? Eat healthy foods because it can relieve your depression. You should also increase your intake of vitamin B6 and magnesium, because it is needed in the production of a mood enhancing transmitter which is your dopamine and serotonin.

? Reduce your intake of sweets and processed food because it will only increase your glucose levels.

? Avoid alcohol and caffeinated foods because it can worsen your mood, insomnia may occur, and it will make you depressed. Eat high protein food such as chicken, fish and turkey which may elevate your mood and increase your energy.

? Try St John's Wort herb which contains natural antidepressant substances and is known to be an effective natural depression remedy. It treats depression by boosting the neurotransmitter function; thus, it helps you return to your normal mood.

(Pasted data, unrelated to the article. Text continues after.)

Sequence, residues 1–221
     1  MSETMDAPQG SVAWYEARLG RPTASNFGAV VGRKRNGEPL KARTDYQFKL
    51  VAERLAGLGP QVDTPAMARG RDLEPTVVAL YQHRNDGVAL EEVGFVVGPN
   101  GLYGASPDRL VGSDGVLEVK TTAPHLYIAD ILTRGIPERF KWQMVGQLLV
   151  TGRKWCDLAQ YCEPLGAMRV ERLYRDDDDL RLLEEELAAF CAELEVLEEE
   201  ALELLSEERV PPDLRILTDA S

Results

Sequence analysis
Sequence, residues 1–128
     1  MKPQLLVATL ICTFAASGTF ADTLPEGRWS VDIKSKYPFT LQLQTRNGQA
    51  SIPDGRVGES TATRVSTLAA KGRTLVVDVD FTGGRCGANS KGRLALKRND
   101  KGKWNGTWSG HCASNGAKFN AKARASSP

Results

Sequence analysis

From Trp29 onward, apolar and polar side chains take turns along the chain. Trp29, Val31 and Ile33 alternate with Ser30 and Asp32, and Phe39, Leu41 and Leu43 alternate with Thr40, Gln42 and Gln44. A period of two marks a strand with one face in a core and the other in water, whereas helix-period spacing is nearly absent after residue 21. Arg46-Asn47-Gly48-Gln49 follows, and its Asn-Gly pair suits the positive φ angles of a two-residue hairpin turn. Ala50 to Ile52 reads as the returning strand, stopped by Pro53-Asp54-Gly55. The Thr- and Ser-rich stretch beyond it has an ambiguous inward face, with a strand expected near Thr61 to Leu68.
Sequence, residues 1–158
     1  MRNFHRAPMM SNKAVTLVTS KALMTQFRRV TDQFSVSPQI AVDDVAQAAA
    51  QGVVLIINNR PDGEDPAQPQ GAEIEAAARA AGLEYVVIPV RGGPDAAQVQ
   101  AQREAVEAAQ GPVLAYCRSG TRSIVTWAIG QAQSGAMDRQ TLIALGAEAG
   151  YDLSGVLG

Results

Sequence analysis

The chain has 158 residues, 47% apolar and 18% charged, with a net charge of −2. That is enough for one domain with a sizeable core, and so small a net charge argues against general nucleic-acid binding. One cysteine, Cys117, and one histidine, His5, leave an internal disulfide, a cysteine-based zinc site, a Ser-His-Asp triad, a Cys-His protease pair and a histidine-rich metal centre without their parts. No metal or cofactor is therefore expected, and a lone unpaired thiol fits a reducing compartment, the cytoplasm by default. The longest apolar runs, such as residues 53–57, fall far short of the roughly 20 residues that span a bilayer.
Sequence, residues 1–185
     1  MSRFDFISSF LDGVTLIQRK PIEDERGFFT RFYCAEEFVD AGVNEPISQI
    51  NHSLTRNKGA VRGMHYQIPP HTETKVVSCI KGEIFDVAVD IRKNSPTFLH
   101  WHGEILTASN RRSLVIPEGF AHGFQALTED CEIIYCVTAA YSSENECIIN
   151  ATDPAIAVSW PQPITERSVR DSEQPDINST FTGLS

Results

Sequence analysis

? Always exercise because it alleviates mental stress and at the same time it brings good blood flow and oxygen to your brain. Perform exercises like regular routine jogging, swimming, walking, aerobics or playing sports that can help improve blood circulation in the body.

? Do the Kriya yoga which is a rhythmic hyperventilation that alleviates depressive symptoms.

Depression can have very serious physical, emotional, and mental consequences. Including natural depression remedies such as meditation, exercise, eating proper nourished food and yoga can offer you a safe and effective solution as it will help you avoid the potential side effects of medications.

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To learn more about natural depression remedies and to pick up a free copy of 'Healing Naturally Using Homeopathy, Herbs And Whole Foods' which will give you an insight into the amazing healing properties of natural foods visit